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Protease inhibitors, saquinavir and darunavir, inhibit oligodendrocyte maturation: Implications for Lysosomal Stress
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In summary, these data add to a growing body of evidence that suggest a role for ART-mediated persistence of HAND. Specifically, these data support a role for ART-mediated persistence of myelin abnormalities observed in HAND individuals. Furthermore, we implicate endolysosome de-acidification as a potential mediating mechanism in DRV or SQV-induced oligodendrocyte maturation defects. In addition to the development of new therapeutics with fewer harmful side effects, we must consider adjunctive therapies designed to alleviate neuronal dysfunction and preservation of myelin formation and maintenance.
When adhered to, ART suppresses viral replication to undetectable levels in the periphery; however, low levels of inflammation and viral reservoirs are known to persist in the CNS. Furthermore, ARVs themselves may directly contribute to HAND pathogenesis, including the white matter abnormalities that are consistently observed.
Our group has previously reported that the ARVs from the protease inhibitor (PI) class, ritonavir and lopinavir, inhibit oligodendrocyte maturation in vitro (e.g. reduction in GalC+ and MBP+ cells), and ritonavir reduced expression levels of myelin proteins (e.g. cyclic nucleoside phosphodiesterase (CNPase) and myelin oligodendrocyte glycoprotein (MOG)) in vivo (JENSEN et al. 2015). At present, the mechanisms mediating these effects are uncertain, though numerous candidates exist including the integrated stress response (ISR), oxidative stress, and organellar stress (AKAY et al. 2012; GANNON et al. 2017; STERN et al. 2018). In particular, lysosomal stress has been implicated in Tat- and gp120-mediated neuronal toxicity (CHEN et al. 2013; BAE et al. 2014; FIELDS et al. 2015) but the role that it may play in ARV-driven oligodendrocyte damage is currently unclear.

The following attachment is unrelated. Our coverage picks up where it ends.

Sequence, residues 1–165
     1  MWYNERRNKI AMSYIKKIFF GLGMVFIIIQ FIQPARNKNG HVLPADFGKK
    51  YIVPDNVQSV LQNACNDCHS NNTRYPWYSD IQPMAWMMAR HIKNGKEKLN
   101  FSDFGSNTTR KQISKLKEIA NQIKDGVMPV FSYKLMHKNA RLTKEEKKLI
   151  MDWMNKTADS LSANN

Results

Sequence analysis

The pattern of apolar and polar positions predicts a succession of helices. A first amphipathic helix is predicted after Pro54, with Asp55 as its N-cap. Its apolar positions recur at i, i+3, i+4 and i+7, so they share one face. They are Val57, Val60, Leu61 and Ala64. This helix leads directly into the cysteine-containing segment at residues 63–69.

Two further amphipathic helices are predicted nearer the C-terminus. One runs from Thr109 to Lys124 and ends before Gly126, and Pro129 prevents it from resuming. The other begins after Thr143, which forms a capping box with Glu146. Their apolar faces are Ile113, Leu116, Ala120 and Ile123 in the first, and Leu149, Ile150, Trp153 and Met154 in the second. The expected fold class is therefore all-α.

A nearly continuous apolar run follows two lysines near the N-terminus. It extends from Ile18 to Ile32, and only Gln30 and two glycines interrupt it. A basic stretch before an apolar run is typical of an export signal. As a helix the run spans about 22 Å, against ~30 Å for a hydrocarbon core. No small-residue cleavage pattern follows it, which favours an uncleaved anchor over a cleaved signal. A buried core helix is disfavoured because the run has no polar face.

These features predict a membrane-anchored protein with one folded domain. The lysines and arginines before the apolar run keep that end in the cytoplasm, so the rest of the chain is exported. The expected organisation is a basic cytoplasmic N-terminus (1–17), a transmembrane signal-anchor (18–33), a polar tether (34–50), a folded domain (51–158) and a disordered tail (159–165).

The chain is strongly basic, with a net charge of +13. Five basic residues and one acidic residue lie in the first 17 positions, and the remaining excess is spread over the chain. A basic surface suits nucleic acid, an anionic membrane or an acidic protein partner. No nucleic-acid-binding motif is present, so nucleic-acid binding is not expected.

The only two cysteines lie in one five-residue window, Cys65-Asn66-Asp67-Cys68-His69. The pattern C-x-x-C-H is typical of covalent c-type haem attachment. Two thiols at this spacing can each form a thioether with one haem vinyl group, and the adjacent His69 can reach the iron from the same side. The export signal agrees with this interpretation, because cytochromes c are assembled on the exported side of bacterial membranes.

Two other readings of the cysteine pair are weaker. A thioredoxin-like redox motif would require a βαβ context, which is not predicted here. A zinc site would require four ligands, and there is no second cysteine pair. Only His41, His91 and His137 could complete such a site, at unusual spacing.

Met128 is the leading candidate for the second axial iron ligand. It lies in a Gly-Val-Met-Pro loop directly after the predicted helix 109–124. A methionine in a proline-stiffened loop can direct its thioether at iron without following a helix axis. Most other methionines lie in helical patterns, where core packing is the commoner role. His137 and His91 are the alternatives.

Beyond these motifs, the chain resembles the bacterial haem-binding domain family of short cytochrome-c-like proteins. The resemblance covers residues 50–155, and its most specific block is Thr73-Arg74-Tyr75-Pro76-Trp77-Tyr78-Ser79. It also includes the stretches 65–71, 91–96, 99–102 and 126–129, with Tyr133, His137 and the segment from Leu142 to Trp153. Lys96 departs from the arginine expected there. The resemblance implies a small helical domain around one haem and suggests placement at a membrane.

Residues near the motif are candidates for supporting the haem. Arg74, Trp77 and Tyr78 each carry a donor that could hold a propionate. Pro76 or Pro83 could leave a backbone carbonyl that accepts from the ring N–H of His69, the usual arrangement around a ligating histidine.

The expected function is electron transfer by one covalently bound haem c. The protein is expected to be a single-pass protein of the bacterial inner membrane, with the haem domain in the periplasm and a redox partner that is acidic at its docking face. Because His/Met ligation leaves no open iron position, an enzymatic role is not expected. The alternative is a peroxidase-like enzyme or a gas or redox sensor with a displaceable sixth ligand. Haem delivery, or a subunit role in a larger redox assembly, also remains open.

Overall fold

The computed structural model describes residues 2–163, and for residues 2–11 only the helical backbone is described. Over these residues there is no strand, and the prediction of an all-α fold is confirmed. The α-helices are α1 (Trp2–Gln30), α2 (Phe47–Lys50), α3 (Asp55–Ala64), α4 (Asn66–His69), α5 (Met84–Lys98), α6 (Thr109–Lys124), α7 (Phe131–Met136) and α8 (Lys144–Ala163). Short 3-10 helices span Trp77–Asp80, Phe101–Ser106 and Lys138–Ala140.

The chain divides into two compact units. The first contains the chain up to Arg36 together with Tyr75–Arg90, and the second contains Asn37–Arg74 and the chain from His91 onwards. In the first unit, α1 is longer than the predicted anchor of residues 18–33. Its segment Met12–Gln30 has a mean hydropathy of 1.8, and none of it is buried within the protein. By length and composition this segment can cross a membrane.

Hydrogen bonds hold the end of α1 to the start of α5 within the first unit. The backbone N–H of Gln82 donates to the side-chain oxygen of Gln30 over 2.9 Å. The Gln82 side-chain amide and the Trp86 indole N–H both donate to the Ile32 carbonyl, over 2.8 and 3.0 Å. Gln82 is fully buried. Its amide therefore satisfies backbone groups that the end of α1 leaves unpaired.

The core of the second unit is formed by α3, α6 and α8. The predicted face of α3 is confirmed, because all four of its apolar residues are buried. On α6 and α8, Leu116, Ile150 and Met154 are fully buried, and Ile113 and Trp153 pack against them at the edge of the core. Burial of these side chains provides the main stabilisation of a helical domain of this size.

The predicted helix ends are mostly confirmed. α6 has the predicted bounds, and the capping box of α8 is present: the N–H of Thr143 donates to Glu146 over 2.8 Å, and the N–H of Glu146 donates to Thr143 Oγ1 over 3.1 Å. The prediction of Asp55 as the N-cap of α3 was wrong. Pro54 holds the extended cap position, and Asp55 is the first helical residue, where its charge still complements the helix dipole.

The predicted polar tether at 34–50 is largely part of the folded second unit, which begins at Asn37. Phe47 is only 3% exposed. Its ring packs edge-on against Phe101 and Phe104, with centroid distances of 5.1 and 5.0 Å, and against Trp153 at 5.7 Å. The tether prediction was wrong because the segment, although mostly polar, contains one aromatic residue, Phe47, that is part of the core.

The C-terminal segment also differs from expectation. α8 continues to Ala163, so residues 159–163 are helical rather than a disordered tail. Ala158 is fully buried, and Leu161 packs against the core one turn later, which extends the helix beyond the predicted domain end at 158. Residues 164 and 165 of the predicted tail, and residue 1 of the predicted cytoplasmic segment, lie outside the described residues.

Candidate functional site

Here, we investigated the effects of two PIs, darunavir and saquinavir, on oligodendrocyte differentiation in vitro. We observed concentration-dependent inhibition of oligodendrocyte maturation and myelin protein production with both darunavir and saquinavir. Furthermore, our findings suggest that endolysosomal de-acidification mediates the ability of these ARVs to negatively regulate oligodendrocyte differentiation. Together, these data highlight the influence of proper endolysosome function during oligodendrocyte maturation and suggest that reducing lysosomal pH may provide a valid therapeutic option to prevent oligodendrocyte injury.
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